Derived from the Greek word lampas, meaning torch, lamps have been used since around 70,000 BC, when a shell or hollow rock was filled with moss soaked in animal fat and ignited. Nowadays we tend to refer to lamps as any light giving source that is not used with candles (although student lamps and travelling lamps do use candles, and are included here), and instead use gas or electricity to provide light. Antique silver examples are rare and quite desirable.
Hallmarked In 1899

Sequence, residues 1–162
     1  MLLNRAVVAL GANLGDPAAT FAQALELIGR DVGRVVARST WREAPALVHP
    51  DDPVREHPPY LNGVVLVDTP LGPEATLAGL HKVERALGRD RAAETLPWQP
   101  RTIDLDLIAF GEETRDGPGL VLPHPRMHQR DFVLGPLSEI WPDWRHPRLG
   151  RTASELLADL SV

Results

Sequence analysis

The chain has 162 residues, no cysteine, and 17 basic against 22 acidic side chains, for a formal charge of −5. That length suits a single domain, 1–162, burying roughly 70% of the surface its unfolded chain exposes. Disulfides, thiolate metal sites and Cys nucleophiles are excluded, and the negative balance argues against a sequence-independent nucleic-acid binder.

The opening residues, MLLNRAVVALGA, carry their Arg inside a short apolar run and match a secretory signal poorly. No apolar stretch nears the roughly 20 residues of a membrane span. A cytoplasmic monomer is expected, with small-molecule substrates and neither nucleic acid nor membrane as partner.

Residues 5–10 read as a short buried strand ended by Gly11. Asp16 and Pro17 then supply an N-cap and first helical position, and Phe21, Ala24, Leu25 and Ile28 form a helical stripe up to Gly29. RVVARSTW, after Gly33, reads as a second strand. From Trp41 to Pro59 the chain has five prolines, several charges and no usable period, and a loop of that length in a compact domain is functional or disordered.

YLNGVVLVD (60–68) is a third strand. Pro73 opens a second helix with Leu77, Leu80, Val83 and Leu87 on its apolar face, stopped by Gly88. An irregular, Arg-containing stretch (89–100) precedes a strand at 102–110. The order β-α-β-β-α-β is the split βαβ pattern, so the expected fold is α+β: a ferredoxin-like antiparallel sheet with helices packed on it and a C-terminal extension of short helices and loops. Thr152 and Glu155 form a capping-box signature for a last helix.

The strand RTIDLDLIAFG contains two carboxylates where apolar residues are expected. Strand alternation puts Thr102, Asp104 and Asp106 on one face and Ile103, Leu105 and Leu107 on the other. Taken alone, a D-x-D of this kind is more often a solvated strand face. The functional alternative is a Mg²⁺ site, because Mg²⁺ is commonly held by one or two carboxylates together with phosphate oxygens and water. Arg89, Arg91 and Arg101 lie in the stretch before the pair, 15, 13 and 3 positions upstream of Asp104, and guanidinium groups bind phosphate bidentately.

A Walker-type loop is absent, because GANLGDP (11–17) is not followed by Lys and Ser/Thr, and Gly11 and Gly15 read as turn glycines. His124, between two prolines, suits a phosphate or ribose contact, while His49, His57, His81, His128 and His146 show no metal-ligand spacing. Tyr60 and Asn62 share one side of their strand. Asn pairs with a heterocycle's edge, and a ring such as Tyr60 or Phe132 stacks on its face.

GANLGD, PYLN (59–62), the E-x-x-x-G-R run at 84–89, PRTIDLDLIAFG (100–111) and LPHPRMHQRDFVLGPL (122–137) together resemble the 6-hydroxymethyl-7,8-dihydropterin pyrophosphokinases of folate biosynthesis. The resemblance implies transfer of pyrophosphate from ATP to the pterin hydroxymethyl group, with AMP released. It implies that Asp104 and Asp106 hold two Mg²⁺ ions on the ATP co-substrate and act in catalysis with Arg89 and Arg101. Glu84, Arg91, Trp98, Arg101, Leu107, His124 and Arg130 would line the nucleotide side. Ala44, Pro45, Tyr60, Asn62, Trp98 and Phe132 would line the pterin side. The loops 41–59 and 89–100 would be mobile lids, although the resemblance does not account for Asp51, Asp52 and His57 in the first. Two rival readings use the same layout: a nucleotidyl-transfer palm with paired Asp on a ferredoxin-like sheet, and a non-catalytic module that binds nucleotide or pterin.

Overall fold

Hallmarked in Sheffield in 1899 by Hawksworth Eyres & Co., this handsome, Victorian, Antique Sterling Silver Lamp, is very plain in style, featuring reed borders, two fixtures for bulbs, and an adjustable lamp shade holder. The lamp measures 31.5"(80cm) tall, by 9"(23cm) wide. The lamp shade holder is silver-plated.
£1,675ADD TO BASKET MORE PHOTOS
Hallmarked In 1879
Hallmarked in Sheffield in 1879 by James Kebberling Bembridge, this stylish, Victorian, Antique Sterling Silver Student Lamp, has a clean and sleek industrial form, with subtle bands of beading around the column. The sprung loaded mechanism pushes the candle up as it burns to keep the wick at the same point in the centre of the metal reflector. The lamp measures 15"(39cm) tall by 5.25”(13.5cm) in diameter.
£2,775ADD TO BASKET MORE PHOTOS
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